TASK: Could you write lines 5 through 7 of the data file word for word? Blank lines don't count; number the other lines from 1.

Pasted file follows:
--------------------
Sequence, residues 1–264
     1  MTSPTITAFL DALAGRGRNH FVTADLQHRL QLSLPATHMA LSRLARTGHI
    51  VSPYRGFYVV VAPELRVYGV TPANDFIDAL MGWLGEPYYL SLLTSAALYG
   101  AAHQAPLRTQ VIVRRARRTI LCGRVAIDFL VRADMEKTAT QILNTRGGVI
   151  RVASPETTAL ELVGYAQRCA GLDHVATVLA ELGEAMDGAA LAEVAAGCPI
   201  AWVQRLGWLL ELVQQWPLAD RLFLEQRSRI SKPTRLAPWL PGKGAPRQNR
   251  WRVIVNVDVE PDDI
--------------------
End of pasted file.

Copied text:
   151  RVASPETTAL ELVGYAQRCA GLDHVATVLA ELGEAMDGAA LAEVAAGCPI
   201  AWVQRLGWLL ELVQQWPLAD RLFLEQRSRI SKPTRLAPWL PGKGAPRQNR
   251  WRVIVNVDVE PDDI